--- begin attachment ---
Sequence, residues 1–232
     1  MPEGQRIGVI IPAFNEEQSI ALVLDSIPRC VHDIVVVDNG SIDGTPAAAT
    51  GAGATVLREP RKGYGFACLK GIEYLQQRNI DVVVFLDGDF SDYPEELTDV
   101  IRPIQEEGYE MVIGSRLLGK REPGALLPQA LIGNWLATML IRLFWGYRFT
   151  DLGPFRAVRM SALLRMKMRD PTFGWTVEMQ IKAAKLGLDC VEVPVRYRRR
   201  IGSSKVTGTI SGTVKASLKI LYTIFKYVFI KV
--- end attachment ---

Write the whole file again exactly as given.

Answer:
Sequence, residues 1–232
     1  MPEGQRIGVI IPAFNEEQSI ALVLDSIPRC VHDIVVVDNG SIDGTPAAAT
    51  GAGATVLREP RKGYGFACLK GIEYLQQRNI DVVVFLDGDF SDYPEELTDV
   101  IRPIQEEGYE MVIGSRLLGK REPGALLPQA LIGNWLATML IRLFWGYRFT
   151  DLGPFRAVRM SALLRMKMRD PTFGWTVEMQ IKAAKLGLDC VEVPVRYRRR
   201  IGSSKVTGTI SGTVKASLKI LYTIFKYVFI KV